By Fred Swegles
Is it time to declare our Denny’s sign a landmark, protected by law?
I’m only half-kidding.
The ever-morphing sign is arguably the signature of San Clemente.
Nighttime freeway travelers know they have arrived when the sign, floating in the dark, looms ahead.
Will it say “enny,” “Den,” “y’s” or what? You never know. It’s a source of entertainment. I imagine there are drivers and passengers who take bets.
It’s so comical, it probably has fans. They exit I-5 at Avenida Pico to bow to it, then order a “Grand Slam.” Whoever lost the bet pays the tab.
Local resident Bill Hart created a Facebook buzz last week, posting a photo of the Denny’s sign displaying only the letter “e.”
“We may be witness to a new record,” he proclaimed.
“Can we hope for the e to go out by tomorrow night?” someone replied. “That would be awesome.”
“Always open, always broken,” someone wrote.
“I love that it’s different every time,” another said.
“My kids and I have been keeping track of that sign for 20-plus years,” someone wrote.
Others remarked it was a revelation that so many giggle at the sign: “I feel like this is a bonding moment for all of us.”
Our Denny’s opened in the 1960s when I-5 did. I was a summer dishwasher there during my San Clemente High years. The neon was picture-perfect then.
San Clemente was quite a menagerie of business signs. Look at photos of Ole Hanson’s Spanish Village in the 1930s, 40s and 50s, and you’ll note a jungle of signs along El Camino Real.
I don’t recall any outrage over them when I was a kid. They were just part of the landscape. When I-5 opened, tall pole signs were added.
By 1981, the San Clemente City Council decided a mishmash needed cleanup. Over protests from business owners, the council imposed strict new sign limits. Merchants, given a grace period, had to remove dozens of signs. Maximum height for any new sign was reduced to 15 feet.
Preexisting freeway pole signs were allowed to stay, as the city tried but failed to convince state legislators to allow gas-food-lodging logo signs at our off-ramps to help capture business off I-5.
Remaining pole signs had to be maintained, and owners couldn’t change the type of business.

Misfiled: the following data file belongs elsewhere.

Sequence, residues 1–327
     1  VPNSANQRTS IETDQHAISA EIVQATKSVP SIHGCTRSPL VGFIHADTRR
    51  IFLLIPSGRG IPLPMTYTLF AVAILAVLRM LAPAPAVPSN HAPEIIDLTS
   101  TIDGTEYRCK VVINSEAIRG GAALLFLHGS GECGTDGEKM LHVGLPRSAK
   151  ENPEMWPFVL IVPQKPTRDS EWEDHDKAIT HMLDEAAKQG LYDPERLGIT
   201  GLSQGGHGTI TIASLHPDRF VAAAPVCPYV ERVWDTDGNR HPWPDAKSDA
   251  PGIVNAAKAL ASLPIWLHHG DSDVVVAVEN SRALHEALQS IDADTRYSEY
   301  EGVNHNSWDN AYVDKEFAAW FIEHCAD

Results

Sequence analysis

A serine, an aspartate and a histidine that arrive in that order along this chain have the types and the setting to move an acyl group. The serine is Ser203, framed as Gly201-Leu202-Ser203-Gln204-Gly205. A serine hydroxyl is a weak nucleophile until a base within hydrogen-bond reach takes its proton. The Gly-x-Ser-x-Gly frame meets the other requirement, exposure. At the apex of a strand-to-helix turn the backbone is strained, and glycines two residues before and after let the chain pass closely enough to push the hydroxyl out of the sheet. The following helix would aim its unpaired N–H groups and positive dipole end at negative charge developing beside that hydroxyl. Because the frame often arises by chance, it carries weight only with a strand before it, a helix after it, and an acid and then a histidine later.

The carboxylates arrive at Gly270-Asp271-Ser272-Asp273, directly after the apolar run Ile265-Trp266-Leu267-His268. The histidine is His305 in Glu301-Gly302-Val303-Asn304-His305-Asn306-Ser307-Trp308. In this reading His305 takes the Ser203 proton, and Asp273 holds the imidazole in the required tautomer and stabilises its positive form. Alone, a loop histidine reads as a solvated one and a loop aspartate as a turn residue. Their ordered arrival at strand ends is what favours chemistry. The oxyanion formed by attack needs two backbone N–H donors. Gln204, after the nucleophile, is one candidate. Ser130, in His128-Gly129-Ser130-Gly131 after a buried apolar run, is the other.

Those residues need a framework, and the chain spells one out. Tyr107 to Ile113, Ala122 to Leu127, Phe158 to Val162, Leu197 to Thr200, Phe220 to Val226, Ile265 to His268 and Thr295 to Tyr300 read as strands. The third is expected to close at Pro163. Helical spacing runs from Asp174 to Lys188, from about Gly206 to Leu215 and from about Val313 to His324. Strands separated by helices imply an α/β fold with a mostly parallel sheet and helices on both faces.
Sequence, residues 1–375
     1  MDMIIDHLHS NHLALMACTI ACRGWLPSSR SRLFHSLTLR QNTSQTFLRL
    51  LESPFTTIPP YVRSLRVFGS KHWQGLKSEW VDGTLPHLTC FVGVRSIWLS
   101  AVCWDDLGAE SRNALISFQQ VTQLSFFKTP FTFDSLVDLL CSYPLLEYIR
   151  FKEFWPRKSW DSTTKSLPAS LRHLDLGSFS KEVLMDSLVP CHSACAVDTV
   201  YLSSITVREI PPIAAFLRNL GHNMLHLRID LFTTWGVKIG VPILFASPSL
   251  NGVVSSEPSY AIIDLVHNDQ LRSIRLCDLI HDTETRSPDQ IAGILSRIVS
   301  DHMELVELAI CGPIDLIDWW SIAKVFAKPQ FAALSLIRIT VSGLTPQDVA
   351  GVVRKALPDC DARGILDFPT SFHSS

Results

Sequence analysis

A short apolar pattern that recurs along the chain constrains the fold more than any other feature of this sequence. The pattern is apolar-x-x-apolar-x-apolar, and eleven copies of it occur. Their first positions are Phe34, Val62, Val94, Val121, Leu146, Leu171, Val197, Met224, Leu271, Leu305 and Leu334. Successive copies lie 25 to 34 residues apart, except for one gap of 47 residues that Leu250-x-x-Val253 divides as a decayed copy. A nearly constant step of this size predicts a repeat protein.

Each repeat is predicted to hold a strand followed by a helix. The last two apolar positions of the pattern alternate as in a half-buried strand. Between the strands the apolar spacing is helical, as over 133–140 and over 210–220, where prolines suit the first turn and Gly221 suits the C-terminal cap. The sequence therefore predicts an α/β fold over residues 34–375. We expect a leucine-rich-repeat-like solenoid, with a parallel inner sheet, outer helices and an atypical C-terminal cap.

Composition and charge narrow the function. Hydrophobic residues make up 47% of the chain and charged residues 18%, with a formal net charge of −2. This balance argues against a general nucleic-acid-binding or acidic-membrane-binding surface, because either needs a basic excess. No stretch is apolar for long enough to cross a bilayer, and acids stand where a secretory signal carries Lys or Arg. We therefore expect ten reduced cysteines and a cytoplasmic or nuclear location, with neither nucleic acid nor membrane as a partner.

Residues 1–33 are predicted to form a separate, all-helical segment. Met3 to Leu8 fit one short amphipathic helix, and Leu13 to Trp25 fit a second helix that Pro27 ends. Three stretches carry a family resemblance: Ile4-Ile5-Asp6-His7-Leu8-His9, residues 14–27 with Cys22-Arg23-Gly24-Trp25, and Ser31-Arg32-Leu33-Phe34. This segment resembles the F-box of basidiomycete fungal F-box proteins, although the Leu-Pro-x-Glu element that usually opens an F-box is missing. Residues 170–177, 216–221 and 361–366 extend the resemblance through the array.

Most San Clemente freeway pole signs came down, either because a business closed and long remained closed, like Carrows, or because a business changed, like the El Camino Real Chevron that replaced auto repair bays with a grocery mart. Valero’s owner mounted a lengthy legal battle to redo the station but keep his sign. He prevailed. He’s renovating now.
In 2016, the City Council updated the sign ordinance but didn’t force pole signs down.
I said I was only half-kidding about landmarking the Denny’s sign. In 1980, when the city demolished a 1940s eatery at the end of the Pier, it marked the demise of a rather large neon fish perched on the roof, a true landmark, visible at night for miles. I wrote a tongue-in-cheek column, “Save the Fish.”
I thought the historical society might want it. RIP, neon fish. It resides deep within Prima Deshecha.
One can argue that Ole Hanson’s Spanish cottages are no longer the only heritage structures in town. The city now recognizes downtown’s “mid-century modern” buildings as worthy of preservation. I remember the Planning Commission also looking at protecting tiki-style buildings that were very popular for a time, after Hawaii became a state. The old Chamber of Commerce was one.
San Clemente’s few remaining pole signs are a vanishing artifact, like the quirky, tacky neon remnants of old U.S. Route 66 that have evolved into a tourist yellow brick road, a national shrine to a bygone era.
Some residents will crave to see the Denny’s sign removed. “It’s a blight,” one Facebook post declared.
Don Brown, city planning commissioner, noted that old neon technology is expensive to maintain or update. Denny’s evidently is struggling with it.
“Can I buy a vowel, please?” a Facebook poster implored.
Fred Swegles is a longtime San Clemente resident with more than 47 years of reporting experience in the city. Main image by Fred Swegles.